In line with Harrison’s assessment, we concur that it will be enormously challenging to find “positive” evidence of an evolved preference for voice-like sounds, assuming it does exist (cf. McDermott, Schultz, Underraga, & Godoy, 2016). As noted by Bowling (this issue), “the auditory system receives harmonic stimulation from mother’s larynx as soon as it comes on-line,” making it difficult to determine whether a preference for harmonic chords derives from our evolutionary heritage or instead reflects exposure to harmonic sounds over the course of development. In addition to calling for more extensive cross-cultural research, Harrison also highlights the potential value of studies using animal models. For instance, he astutely notes that if preferences for harmonicity were shown to exclusively exist in species that emit harmonic vocalizations, this would stand to affirm the VSH. However, research of this ilk may be fraught with ambiguity inasmuch as affirmative evidence for the VSH in vocal animal species (e.g., a preference for harmonicity in budgerigars; Wagner, Bowling, & Hoeschele, 2020) would stop short of confirming that human harmonicity preferences were analogously evolved rather than learned. Correspondingly, the failure to experimentally reveal such effects in non-human animals would by no means rule out the existence of an adapted preference for voice-like sounds within our own species.
Encouragingly, as reflected in all three commentaries, a consensus does appear to be emerging among music perception researchers that “no single acoustic measure can fully predict the complex experience of consonance” (Smit & Milne, this issue). In addition, as convincingly argued by Smit and Milne, these predictors may extend beyond harmonicity and spectral interference. In a provocative recent study, they found that higher average pitch (which may be associated with the expression of positively valenced emotion; e.g., Friedman, Neill, Seror, & Kleinsmith, 2018) reliably bolsters consonance judgments in unconventionally tuned chords (Smit, Milne, Dean, & Weidemann, 2019). In the same study, they also found compelling evidence that spectral entropy, the information-theoretical unpredictability of the spectrum constituting a given chord, leads chords to sound less pleasant. In a similar vein, Harrison and Pearce (2020) have recently found that the sheer number of tones in a chord is positively associated with consonance, whereas Lahdelma and Eerola (2020) conceptually replicated this “numerosity” effect while providing intriguing evidence that it might depend upon participants’ particular construal of consonance (e.g., as “pleasantness” versus “harmoniousness” or “purity”).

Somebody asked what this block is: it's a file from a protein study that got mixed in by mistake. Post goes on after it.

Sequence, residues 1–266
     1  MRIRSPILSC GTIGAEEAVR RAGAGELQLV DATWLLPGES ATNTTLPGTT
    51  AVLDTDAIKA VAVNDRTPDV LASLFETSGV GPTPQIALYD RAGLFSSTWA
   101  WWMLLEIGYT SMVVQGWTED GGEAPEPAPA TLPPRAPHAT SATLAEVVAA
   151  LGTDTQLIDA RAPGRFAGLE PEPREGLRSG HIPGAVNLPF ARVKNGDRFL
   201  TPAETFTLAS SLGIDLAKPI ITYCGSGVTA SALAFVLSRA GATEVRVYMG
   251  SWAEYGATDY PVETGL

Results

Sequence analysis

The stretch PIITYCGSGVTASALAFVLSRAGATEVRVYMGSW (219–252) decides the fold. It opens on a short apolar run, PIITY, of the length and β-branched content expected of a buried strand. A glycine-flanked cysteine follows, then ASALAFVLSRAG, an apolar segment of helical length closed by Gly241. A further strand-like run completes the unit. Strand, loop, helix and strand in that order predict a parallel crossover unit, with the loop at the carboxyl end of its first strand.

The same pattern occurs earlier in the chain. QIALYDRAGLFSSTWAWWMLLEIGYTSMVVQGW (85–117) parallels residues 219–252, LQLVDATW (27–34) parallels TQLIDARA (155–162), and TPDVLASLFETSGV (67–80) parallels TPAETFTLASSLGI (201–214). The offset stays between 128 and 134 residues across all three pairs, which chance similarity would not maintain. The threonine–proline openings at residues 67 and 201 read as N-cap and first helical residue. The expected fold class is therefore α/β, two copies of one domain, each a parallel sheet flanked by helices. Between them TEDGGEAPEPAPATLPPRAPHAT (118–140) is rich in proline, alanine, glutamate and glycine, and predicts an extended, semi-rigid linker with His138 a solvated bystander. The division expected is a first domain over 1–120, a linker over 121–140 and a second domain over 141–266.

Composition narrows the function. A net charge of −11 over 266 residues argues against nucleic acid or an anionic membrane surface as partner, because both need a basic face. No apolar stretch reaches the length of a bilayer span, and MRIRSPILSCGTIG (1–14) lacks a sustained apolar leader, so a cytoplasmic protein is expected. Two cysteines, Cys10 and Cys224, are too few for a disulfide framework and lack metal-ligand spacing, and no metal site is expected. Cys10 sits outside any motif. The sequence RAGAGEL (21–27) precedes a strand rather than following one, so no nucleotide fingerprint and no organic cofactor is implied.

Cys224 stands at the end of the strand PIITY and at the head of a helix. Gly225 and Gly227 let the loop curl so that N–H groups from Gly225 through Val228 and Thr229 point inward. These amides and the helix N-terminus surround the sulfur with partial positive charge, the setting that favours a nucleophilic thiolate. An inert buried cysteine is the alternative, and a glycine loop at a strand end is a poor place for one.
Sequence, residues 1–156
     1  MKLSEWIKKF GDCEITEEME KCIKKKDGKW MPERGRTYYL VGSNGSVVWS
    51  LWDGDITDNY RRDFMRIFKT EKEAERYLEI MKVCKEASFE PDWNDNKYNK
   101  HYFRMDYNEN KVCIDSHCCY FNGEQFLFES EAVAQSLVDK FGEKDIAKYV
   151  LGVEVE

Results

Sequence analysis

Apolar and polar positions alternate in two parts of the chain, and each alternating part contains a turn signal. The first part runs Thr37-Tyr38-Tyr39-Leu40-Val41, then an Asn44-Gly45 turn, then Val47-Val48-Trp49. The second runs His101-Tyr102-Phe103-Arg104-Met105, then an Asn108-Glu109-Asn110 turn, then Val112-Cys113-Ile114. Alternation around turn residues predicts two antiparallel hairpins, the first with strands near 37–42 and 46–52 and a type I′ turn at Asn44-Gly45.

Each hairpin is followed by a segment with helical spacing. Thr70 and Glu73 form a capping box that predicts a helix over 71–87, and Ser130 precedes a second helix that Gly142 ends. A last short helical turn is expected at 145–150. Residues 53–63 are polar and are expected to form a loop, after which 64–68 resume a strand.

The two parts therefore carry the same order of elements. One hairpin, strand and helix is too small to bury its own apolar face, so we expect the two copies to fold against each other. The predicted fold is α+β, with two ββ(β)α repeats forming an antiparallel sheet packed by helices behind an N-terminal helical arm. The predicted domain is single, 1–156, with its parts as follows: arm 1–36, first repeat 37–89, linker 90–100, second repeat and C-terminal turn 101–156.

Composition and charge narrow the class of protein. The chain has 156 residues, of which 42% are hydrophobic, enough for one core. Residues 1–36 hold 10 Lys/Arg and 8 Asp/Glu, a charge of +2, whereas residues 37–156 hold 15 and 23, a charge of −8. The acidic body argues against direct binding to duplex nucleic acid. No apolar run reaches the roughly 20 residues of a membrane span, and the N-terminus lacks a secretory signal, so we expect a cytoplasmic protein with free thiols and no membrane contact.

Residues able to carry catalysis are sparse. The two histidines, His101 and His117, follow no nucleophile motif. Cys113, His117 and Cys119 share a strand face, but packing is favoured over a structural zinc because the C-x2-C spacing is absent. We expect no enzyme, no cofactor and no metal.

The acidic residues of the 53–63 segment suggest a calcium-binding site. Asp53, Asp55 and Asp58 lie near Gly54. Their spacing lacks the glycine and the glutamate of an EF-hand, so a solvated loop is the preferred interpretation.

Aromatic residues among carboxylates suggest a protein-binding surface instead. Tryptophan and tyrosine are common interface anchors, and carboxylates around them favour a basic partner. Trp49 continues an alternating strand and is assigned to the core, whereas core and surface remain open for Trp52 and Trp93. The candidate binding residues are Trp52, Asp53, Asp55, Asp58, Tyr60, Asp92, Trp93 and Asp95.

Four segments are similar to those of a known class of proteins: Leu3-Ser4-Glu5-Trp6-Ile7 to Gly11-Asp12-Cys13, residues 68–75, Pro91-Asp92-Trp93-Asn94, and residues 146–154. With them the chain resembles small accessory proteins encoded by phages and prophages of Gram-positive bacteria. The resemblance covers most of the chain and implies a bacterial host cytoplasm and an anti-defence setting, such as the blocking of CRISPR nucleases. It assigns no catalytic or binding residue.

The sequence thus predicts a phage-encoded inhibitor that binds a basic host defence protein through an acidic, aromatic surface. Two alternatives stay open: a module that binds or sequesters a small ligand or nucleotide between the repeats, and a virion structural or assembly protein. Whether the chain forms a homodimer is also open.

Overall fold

In light of these and other findings, it appears that music perception researchers are beginning to move beyond debating which mechanism accounts for tonal consonance and instead turning to explaining how a multitude of mechanisms additively and/or interactively contribute to these judgments. Although such questions may be difficult to resolve given existing tools, it is also clear that bold theoretical propositions such as Bowling and his colleagues’ (2018) VSH play an invaluable role in stimulating and giving shape to fruitful avenues for research. We are very grateful for the thought-provoking commentaries that we received regarding our article and hope that this spirited, yet constructive dialogue in Music Perception will help inspire additional efforts to collectively grapple with an age-old conundrum at the heart of our field.